I was certain Frank had had too much to drink, yet the more I protested and poked holes in his nonsense the hotter he got under the collar.

"Dammit! I'll show you! Let's take a drive,"

Frank's car was so unspeakably ordinary, it slid off the memory banks like a cash withdrawal. Even the colour was indescribably mundane.

"Boredom personified, isn't it? I'm especially fond of my rust job," Frank indicated the places on the body where, for reasons never fully explained, he had carefully painted the body with browns and reds so the car appeared older and more used than it actually was.

I admitted that the paintwork was realistic. Frank pointed out other aspects of how he had weathered, stressed and antiqued the body.

I finally asked him why.

He answered by opening the passenger door.

You'd never believe the places we went, the adventures we had, I won't try to describe them.

Frank Kennedy told the truth, yet less than the whole truth.

In his car, the further you went, the younger you got, the further into the past you travelled.

The emissions travelled faster, stopping in the carboniferous period.

That's why I had to kill him.

The Company would never tolerate such a machine to exist. It would upset our alien overlords to no end.

Sunday, May 06, 2007

The cursed company

Once upon a time, A petty noble and his company of men, insulted a river as they were hunting. The river, being magical, cursed them all to 40 years of ceaseless, changeless riding, their youth suspended so they could all feel the full measure of the river's punishment.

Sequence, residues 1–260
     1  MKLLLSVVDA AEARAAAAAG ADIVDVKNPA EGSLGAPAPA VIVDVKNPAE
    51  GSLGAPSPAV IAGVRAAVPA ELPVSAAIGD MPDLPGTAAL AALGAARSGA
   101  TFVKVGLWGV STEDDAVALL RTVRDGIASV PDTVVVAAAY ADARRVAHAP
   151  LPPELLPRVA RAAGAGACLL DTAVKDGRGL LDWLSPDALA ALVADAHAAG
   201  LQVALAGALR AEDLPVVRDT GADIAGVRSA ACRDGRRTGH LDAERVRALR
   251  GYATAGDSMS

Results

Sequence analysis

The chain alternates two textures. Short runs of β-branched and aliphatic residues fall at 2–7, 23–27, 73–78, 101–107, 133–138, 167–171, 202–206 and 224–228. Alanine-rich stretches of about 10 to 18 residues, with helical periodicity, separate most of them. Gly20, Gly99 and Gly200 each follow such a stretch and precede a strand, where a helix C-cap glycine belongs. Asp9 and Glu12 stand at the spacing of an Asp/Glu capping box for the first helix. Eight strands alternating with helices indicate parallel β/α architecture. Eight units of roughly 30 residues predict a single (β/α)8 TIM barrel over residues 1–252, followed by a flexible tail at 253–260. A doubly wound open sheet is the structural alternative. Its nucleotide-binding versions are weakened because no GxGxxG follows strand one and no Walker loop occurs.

They rode; through towns, trackless wastes, even under the sea, sometimes mad, sometimes violent, sometimes snatching women up and raping and killing them on horseback.

Over 40 years of ceaseless riding, they had lost and regained themselves several times over, eyes gleaming with slick oil, demonic eyes, as often sad, grim, eyes that had seen a thousand battles.

The Japanese called them 地獄のライダー

The Hell Riders.

When the curse lifted, they had been riding through fields of wheat. It was late summer.

What a terrible sight it must have been.

To see a company of men,

abandon their mad horses,

plunge into the golden wheat,

cry like broken children.

Exactly the sort of...


What is this? A collection of odd lots from my illustration pasttime. Why is this here? I don't know, there are too many people on the internet these days. Does someone else enjoy my bad taste and pseudosymbolism? Is this the kind of 'bad art' that requires lengthy explanations by the artist in the catalogue? Using words like: suggests, implies, disguises?